Archive for September, 2010

Granola

Wednesday, September 29th, 2010

It was a beautiful fall day, complete with a nice rain in the afternoon that lasted about an hour. I got my day started with that feeling in my gut that I have way too much to do, and couldn’t figure out what the next thing was. There was a piece I heard on the radio the other day about a researcher that had volunteers manage a made-up financial picture over the course of several months. They had 4 loans of various amounts and interest rates. Most of those participating opted to pay the smaller loans with the lowest interest rate first, because they felt they had too many individual loans to deal with. Even though they would have saved money if they’d have paid off the larger one first with the higher interest rate, they opted for simplicity by paying off the small one first. I understood how they felt.

Like so many projects, once you get started, it isn’t so bad. I’m trying to check things off my list for the upcoming hike to the canyon, and one thing I needed to do was get breakfast ready. Alice and I have been making some good granola for most of our married life. We don’t make it too much anymore, but I always do use it for backpacking if I can. It tastes good, and is rich in sugar, oil, nuts, and oats. First comes the dry ingredients. I take a gallon glass jar and fill it about half full with rolled oats, and then add whatever we have in the way of sunflower seeds and various nuts. Then I warm up 1 1/2 cups each of honey and oil, mix well, and start the baking process.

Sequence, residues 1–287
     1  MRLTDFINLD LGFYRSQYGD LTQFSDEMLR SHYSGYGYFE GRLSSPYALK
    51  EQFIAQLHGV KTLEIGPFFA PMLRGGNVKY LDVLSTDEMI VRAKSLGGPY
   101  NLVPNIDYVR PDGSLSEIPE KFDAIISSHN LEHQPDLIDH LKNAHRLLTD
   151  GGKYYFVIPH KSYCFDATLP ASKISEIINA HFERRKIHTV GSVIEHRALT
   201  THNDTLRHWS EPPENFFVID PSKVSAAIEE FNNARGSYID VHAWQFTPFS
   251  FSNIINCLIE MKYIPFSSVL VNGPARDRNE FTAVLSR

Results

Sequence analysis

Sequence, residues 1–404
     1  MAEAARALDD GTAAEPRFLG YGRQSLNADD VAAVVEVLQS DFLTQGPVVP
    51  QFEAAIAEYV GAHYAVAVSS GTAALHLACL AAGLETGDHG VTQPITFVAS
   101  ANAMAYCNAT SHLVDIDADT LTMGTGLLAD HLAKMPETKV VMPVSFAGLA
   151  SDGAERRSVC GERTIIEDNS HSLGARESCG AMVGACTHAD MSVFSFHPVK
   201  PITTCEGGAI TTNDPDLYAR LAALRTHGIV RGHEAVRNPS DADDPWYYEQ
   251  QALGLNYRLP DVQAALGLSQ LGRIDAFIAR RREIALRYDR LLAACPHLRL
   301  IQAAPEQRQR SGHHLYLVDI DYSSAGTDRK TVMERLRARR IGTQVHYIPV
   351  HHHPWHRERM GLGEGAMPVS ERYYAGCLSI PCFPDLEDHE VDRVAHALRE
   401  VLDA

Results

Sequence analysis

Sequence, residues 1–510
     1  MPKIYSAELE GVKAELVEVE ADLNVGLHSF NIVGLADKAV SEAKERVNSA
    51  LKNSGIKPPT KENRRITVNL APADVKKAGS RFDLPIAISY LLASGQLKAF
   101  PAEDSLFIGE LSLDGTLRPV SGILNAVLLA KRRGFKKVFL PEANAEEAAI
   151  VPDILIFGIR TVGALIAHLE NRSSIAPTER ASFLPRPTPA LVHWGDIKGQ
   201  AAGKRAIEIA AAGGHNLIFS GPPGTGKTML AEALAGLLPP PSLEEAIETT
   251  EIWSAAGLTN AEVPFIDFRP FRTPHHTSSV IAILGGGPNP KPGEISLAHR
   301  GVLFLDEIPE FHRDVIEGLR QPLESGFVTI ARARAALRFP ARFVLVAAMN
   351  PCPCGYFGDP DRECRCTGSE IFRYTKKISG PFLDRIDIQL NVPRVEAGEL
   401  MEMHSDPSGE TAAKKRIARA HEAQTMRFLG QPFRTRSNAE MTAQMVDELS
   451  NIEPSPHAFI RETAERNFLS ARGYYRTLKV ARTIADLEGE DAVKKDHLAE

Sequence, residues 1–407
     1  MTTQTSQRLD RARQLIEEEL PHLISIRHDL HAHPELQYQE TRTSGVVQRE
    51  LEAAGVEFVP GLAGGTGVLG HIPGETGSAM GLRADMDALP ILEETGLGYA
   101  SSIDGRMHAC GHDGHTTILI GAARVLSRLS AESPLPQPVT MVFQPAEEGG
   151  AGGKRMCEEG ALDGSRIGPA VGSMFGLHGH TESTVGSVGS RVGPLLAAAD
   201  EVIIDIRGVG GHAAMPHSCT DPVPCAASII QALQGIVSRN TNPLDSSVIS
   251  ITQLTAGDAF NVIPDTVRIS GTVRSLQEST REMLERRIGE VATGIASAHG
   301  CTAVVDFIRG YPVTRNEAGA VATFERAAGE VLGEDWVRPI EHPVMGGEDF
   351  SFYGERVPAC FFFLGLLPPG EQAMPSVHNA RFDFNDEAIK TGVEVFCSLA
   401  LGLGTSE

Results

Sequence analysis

granola.jpgThe oven is set to about 300 degrees, and the two glass baking dishes with about half the mixture in each go into the oven. The alarm is set for 20 minutes. Then every 20 minutes I take the pans out of the oven one at a time and mix the granola with a spatula. This goes on until I take it out and it is starting to get brown on top. Then I set the timer for 10 minutes, then 5, then 4. I keep stirring, each time I take the pans out and swap them from top to bottom shelf. When the granola is uniformly brown throughout, it is done. I then scrape it out of the pans and onto some wax paper on the kitchen counter where it dries and cools. Once cool I break it up and pour it into gallon glass jars, from where it disappears over the course of a few days or weeks. This stuff is really good.

I also made a batch of backpacker spaghetti today. This recipe has lots of beans, veggies, whole wheat and other hearty stuff in it. Once done I placed it in the dehydrator where it has been for about 5 hours. Hopefully in another hour I’ll be able to bag it and store it away in the freezer. This will be two supper meals for each of us. Hopefully soon I’ll be able to make the chili and get it dehydrated too. I also put up two batches of cornbread for those suppers when we will need an extra kick. I’ve found the first night I’m usually not too hungry, but towards the end I’d eat my shoe leather if I didn’t need the shoes.